3. Good quality rings
          4. Carefull ring installation (hone quality, end gap, etc.)
          5. Compression ratio that goes with the gas you have in your area and your altitude
          6. Carefull engine assembly
          7. "Possibly" a rear end gear ratio change...depending on how and where you drive

          Well that's more than a few things to think about.

          Mike

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          • #6
            Mike is absolutely correct about your engine being tired and a rebuild is the answer. Well, yes, no and maybe.

            FWIW, most of us will never drive a Stude enough miles for an engine rebuild or rear gear swap to pay for itself in fuel economy improvement savings. However, the increased performance is worth the cost to many of us.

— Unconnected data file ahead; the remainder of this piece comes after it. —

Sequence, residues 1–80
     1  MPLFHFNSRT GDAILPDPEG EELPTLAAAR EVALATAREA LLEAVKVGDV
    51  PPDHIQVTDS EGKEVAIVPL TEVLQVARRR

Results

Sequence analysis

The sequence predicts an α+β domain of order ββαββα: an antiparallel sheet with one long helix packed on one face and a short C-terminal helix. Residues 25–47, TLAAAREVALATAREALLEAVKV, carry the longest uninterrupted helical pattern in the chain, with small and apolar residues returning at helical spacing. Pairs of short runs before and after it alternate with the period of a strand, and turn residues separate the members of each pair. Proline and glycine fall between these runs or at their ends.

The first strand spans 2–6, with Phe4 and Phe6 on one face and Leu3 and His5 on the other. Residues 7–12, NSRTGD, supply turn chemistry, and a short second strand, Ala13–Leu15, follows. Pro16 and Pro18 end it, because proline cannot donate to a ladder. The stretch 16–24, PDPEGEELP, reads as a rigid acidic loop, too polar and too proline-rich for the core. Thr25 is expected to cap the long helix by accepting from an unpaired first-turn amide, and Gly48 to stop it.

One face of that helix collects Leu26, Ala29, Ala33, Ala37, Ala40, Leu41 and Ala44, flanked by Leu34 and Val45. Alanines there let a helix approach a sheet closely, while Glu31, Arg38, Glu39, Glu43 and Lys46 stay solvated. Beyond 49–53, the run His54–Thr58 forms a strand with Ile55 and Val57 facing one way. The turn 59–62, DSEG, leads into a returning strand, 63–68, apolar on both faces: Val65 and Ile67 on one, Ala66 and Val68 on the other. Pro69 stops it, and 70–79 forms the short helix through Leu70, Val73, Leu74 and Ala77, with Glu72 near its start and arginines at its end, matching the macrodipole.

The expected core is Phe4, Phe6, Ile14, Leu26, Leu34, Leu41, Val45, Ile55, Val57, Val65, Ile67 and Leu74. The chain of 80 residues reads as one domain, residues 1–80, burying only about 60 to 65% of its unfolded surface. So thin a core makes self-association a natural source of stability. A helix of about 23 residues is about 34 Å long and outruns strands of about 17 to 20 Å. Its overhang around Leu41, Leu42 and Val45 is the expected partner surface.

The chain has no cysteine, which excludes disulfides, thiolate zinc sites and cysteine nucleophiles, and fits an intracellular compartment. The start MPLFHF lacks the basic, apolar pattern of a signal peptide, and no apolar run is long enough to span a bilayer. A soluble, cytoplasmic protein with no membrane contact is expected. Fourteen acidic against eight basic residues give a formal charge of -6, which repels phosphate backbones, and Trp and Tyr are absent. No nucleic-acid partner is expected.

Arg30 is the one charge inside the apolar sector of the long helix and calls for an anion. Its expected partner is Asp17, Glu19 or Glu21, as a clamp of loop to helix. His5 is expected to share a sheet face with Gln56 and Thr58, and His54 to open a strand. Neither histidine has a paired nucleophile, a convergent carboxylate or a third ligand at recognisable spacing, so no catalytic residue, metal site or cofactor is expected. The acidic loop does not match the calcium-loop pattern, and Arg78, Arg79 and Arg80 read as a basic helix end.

If it were my car, I'd go through the ignition system. First, as Mike said, have the distributor checked on a machine.

            Check the speedometer and odometer for accuracy. Most Stude odometers, due to oversized tires, are recording fewer miles than actually traveled. Many GT Hawks I see are running tires two or three sizes too large. Not only do they cause the odometer to read wrong, they increase drag. You do have radial tires, don't you? Good quality, correctly-sized tires are important, as is an accurate front end alignment. Even slightly worn tie rods, because Stude uses so many of them, can cause the front tires to drag at road speeds. The Stude OEM recommended air pressures were for bias ply tires. Most of today's radials need 35 PSI+. Check the manufacturer's recommendations.

            Bottom line, get all the systems at maximum efficiency and enjoy your beautiful ride without worrying about the tenths of a MPG.

            thnx, jack vines





            PackardV8
            PackardV8

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            • #7
              In addition to the already mentioned things to check...Brakes!...make sure they are adjusted properly and not dragging. A slightly dragging brake or bearing can scrub significant mileage performance from your vehicle.